[Marxism] Leninism

Daniel Koechlin d.koechlin at wanadoo.fr
Thu Feb 7 18:37:52 MST 2013


I have a feeling this is going to be a long answer.

 From the mid-1840s onward, there have been several marxisms. Yes, 
several marxisms. What is of interest to historians is not only what 
Marx and Engels actually wrote but the many debates that ensued fromt eh 
1880 to 1940 period, often with major contributors ENTIRELY IGNORANT OF 
WHAT MARX ACTUALLY WROTE.

Lenin had no idea of the contents of the Grundrisse and a very hazy idea 
of what the 1840s manuscripts contained. The German ideology only came 
out in the

Which means that the central question of What is Marxism ? has been 
answered from the 2nd international to the Comintern through ideologicla 
constructs that included many threads (many of which are not Marxist - 
i.e. Jacobinim). And threfore, "Marxism" can mean quite different 
things, depending on which side of the debate you choose. However, it 
has generaly been recognized that Marx employs a given method in 
explorig social relationships, one that strives to be both "scientific" 
and "dialectical".

So as not to burden this post with obscure past references, I will only 
deal with three topics that are nowadays in the spotlight so to speak.

1) So called "orientalism" (that MArx was Euro-centirst), the thesis 
developed by Said, is quite wrong. Marx wrote in the russian preface to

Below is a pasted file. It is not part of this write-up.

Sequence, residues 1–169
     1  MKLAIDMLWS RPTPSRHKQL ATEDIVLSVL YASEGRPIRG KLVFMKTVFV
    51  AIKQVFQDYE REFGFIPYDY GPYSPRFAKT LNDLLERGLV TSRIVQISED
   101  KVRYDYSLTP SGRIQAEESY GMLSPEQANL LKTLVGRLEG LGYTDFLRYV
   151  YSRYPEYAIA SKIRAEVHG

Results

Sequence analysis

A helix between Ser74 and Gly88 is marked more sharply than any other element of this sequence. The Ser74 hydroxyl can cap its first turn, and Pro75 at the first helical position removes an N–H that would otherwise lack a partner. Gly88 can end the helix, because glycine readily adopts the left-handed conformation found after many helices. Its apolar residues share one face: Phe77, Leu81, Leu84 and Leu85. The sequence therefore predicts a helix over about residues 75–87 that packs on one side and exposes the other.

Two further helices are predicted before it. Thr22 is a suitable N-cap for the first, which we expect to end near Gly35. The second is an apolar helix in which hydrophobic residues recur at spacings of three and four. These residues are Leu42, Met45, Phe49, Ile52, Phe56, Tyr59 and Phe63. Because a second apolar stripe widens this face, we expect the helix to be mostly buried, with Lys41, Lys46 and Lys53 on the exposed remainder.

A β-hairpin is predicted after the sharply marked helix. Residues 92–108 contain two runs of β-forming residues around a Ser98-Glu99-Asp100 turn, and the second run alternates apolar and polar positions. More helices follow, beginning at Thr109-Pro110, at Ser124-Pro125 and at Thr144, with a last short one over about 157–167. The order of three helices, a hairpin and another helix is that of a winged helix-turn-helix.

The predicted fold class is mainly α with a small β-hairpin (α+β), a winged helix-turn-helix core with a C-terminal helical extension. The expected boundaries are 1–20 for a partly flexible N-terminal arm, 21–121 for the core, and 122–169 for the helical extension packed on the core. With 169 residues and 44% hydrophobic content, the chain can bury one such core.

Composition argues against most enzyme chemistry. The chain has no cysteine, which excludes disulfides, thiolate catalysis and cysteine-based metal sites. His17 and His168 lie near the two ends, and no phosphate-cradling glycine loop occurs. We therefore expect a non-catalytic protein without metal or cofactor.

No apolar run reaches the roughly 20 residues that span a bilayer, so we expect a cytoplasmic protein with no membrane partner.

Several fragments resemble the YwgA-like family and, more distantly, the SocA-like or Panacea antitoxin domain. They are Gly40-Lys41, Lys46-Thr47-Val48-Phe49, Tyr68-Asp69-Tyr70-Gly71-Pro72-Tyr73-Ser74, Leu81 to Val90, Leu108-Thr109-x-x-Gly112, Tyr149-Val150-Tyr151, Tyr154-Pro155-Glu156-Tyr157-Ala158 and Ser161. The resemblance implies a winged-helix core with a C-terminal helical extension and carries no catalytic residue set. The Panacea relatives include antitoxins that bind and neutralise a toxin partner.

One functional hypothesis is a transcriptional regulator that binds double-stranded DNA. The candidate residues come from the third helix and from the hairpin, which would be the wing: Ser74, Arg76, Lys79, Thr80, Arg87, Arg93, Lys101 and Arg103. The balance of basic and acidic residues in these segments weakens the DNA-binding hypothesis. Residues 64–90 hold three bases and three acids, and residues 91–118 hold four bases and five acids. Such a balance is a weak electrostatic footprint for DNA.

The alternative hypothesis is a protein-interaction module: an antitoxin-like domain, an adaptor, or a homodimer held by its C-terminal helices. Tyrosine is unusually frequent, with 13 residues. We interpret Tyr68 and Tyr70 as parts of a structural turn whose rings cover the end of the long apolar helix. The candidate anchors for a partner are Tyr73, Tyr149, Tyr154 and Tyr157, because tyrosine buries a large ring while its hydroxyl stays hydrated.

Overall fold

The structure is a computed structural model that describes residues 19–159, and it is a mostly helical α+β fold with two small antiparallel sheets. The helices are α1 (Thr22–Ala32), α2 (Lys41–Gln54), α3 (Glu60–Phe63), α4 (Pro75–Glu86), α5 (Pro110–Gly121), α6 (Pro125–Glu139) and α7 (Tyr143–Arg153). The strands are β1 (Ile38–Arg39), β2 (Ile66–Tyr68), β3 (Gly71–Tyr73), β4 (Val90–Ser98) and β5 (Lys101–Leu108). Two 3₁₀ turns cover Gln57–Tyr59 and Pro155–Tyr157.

Das Kapital that it is not necessary for every country to go through the 
same process of developemnt as ENgland (Capitalist accumulation). He 
madde the same poiint in the Frencfh version of Capital. He also, in his 
notes for a "Universal History of Humanity" which was his pet project in 
the 1870s-1880s (when he got fed up with Das Kapital and started reading 
ethnographic reports instead), strived to show that each society has its 
OWN determinism and that, what Stalinism would later term the five 
stages theory of human history, was bunk. So the orthodox version of the 
historical develooment of mankind from clan to tribe, and from chiefdom 
to state, owes more to the prevalent Darwinianism of the late 19th 
century than to Marx's own thinking.

2) Participation in Parlementarian elections. "The Critique of the Gotha 
program" was written as a personal letter and was not meant to be 
published. German socialists united their two tendancies : MArxism and 
Lassalien socialism (social-democracy). MArx was outraged as he felt the 
Gotha program left out his (MArxist) contribution altogether and that 
the new party was adopting a paternalistic view of workers ("Oh those 
poor exploited workers !") and relying on reforms (better working 
conditions, health care, etc.) instead of creating genuine class 
consciousness. This private letter was largely forgotten, until it 
resurfaced... in France. The French socialists were having abitter 
argument over whether or not to participate in bourgeois elections in 
the 1910s and low and behold the Guedist fraction used the "Critique of 
the Gotha Program" against... revolutionary unionists who were against 
any participation of workers in bourgeois elections. Quite a reversal of 
intent. Yes, workers must participate in Bourgeois politics for their 
force must be felt, but they must strive for genuine Workers' parties. 
REvolutionary unionists (who would later become "Council Communists") 
were all for workers flexing their muscles in the bourgeois politicla 
arena, but they were deeply suspicious of so-called "Workers parties" 
precisey BECAUSE of the German example : they were suscpicious of state 
institutions as a way for Capitalism to "tame" workers' demands. So the 
"Critique of the Gotha Program" is a text that has had quite an 
extraordinary legacy, being used to either criticize parlementarian 
strategies or refute them, but all with one unifying strand : the